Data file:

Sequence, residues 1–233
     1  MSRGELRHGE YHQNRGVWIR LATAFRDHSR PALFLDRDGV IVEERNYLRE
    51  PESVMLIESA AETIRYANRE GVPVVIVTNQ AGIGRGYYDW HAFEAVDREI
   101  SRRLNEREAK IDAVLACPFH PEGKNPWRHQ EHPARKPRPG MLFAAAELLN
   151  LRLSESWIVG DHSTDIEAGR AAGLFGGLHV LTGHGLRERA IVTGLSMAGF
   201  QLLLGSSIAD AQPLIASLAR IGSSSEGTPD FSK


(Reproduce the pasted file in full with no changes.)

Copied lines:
Sequence, residues 1–233
     1  MSRGELRHGE YHQNRGVWIR LATAFRDHSR PALFLDRDGV IVEERNYLRE
    51  PESVMLIESA AETIRYANRE GVPVVIVTNQ AGIGRGYYDW HAFEAVDREI
   101  SRRLNEREAK IDAVLACPFH PEGKNPWRHQ EHPARKPRPG MLFAAAELLN
   151  LRLSESWIVG DHSTDIEAGR AAGLFGGLHV LTGHGLRERA IVTGLSMAGF
   201  QLLLGSSIAD AQPLIASLAR IGSSSEGTPD FSK